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The Physicians Committee

Growing Skepticism over Animal Tests

By Neal D. Barnard, M.D.

The August 20, 1999 issue of the journal Science reported that some common animal tests may be utterly unreliable. A strain of mice, called CD-1, has been used to test whether various chemicals have hormone-like effects but turns out to be extremely resistant to estrogen effects.1 The findings, made by Jimmy Spearow, a research geneticist at the University of California, Davis, have thrown cold water on the Environmental Protection Agency's plan to use CD-1 mice to test chemicals for hormone effects.

The report comes after other reports showing that common safety tests on animals may tell us little or nothing about risks to humans. Here is what is at issue:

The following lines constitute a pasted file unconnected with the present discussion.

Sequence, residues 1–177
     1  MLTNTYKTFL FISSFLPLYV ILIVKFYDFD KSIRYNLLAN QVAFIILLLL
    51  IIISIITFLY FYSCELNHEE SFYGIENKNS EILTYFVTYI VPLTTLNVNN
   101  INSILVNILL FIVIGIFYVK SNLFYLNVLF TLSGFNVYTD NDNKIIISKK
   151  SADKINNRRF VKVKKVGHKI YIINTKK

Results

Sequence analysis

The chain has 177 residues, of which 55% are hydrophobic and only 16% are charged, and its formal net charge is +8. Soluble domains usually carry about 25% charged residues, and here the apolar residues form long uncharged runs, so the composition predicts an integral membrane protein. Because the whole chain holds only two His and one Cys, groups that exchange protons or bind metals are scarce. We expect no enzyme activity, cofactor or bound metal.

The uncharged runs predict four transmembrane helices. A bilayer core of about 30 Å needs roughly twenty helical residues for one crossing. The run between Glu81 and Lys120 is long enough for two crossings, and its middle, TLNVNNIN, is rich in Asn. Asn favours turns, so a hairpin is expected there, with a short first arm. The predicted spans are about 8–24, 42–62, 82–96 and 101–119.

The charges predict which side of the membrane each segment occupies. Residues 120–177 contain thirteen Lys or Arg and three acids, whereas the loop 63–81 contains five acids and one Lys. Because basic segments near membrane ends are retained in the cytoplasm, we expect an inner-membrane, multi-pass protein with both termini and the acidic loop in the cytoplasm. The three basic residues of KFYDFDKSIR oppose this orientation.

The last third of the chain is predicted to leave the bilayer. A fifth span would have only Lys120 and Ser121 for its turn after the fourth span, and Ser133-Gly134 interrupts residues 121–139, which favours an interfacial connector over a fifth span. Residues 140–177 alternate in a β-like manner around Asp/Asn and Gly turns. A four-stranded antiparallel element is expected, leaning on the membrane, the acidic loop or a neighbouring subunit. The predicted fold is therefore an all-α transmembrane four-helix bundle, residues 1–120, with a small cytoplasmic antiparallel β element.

When a drug or chemical enters the body, it is subjected to a range of actions that can dramatically differ from one species to the next. First, it must be absorbed. Then, it disperses into various tissues. Third, enzymes in the liver or other organs may break it apart or change it into any number of other compounds. Finally, the chemical—or whatever other chemical compounds it has become—is excreted from the body.

Common safety tests assume that animals used in tests handle chemicals in much the same way as humans do. Not so, say toxicology experts who have found that enzyme systems animals use for eliminating chemical toxins differ dramatically between species.